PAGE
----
Building community starts with food

Did you grow up on a farm? 

I grew up in rural Wisconsin and people are surprised to learn this does not automatically equate to growing up on a farm. We were, however, part of the Eat Local movement before it was a thing. 

With a small, family-owned cheese factory and later, a butcher shop, we knew where the food was coming from and going to. In order to round out our diets, we grew gardens the size of a south Minneapolis yard filled with vegetables to last all winter. This is how I grew up. 

When I found out the Nokomis community was hosting a farmers market, I was interested.  When I found out Neighborhood Roots was looking for board members to help shape and grow the Nokomis Market, it was natural for me to want to get involved. Neighborhood Roots and the Nokomis Market aligned with how I grew up thinking about food and how I want my kids to grow up thinking about food.  

Here’s why I support the market:

Know who grows: With small businesses in the family, we knew where the ingredients were coming from. The meat wasn’t coming from a store (OK, sometimes it was), it was coming from the farmer up the road.

When my grandma made Sunday dinners, it was from her garden bounty.  As a kid, I liked knowing where the food came from. I liked helping harvest the vegetables and pick the apples for the pie.

I get the same involvement at the markets. I can visit with the farmers and talk about growing seasons. We chat about what is in season and what to do with it. I’ve tried new vegetables that didn’t know existed and found new favorites. I know the farms are as passionate about good food as I am. 

That shared passion motivates me to get on my bike on Wednesday evenings and head to the market.  Even if I only need one thing, I like to browse and talk about what is new and what will be there next week. 

Support small and local: Small business is hard work. Food-related small business presents unique challenges. While our family-owned cheese factory closed its doors 30 years ago, the butcher shop is still in business.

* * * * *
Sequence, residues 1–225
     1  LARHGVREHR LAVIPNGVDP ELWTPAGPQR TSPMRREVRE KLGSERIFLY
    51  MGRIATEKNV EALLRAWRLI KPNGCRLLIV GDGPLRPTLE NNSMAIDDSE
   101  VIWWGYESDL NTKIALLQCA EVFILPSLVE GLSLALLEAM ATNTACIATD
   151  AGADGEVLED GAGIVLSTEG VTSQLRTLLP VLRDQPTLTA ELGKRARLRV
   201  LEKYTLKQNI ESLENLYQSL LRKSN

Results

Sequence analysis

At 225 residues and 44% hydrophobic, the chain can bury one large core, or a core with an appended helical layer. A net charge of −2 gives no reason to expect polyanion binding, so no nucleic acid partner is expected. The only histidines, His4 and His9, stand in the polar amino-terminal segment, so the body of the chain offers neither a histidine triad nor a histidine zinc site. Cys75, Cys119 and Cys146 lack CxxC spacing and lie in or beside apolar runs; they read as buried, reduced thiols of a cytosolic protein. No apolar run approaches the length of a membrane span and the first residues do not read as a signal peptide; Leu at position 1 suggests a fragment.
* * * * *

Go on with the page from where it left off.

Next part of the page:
I know how much work goes on behind the scene to make fresh, local goods available — whether it is flowers, meat, eggs, veggies, fish or honey. The power of community support to help the small, local scene grow is tremendous. Do I sometimes wait it out until Wednesday to get my produce or meat? Yes, I do. I respect the time, effort and care that goes into the finished products at the market. And I love the local honey! 

Building a community: At the first Nokomis Market last summer, I bumped into my cousin.  She also grew up in rural Wisconsin and now lives within 15 blocks of me. I rarely see her even though we live so close.  However, I know at least a couple times I will bump into her at the Nokomis Market.   It is a community event and a family event. 

We often choose to ride our bikes as a family to grab our goods and dinner at the market.  Sometimes we plan to meet friends there too. Summer is busy, especially with kids, but meeting at the market accomplishes so many tasks at once. It brings people together, not just the neighbors in the community but the growers, small business owners and musicians too.  

Knowing where your food comes doesn’t have to be a complex cause. It started for us on the block we live on, sharing food from our small gardens amongst the neighbors. The kids love to go out and pick the beans and peppers. 

The Nokomis Market is an extension of that. The kids like to sample the fresh fruits and vegetables. Sometimes they try things they never have before. And they are encouraged to so do by the passionate folks that grew the food.

While the Nokomis Market only runs through Sept. 30 this year, our Fulton and Kingfield markets will be open through Oct. 24 & 25.  If you don’t make it, stop by the Neighborhood Roots indoor Winter Markets. Farmers markets and local food aren’t just for summer time. Eat local all year round just like I did when I was a kid.

Karin Broecker has lived in the Nokomis neighborhood for 5 years. She can often be found walking, biking, or running in the neighborhood usually accompanied by some combination of husband, kids and dogs.  By day she is a strategy consultant. At night, she is a master inventor of recipes.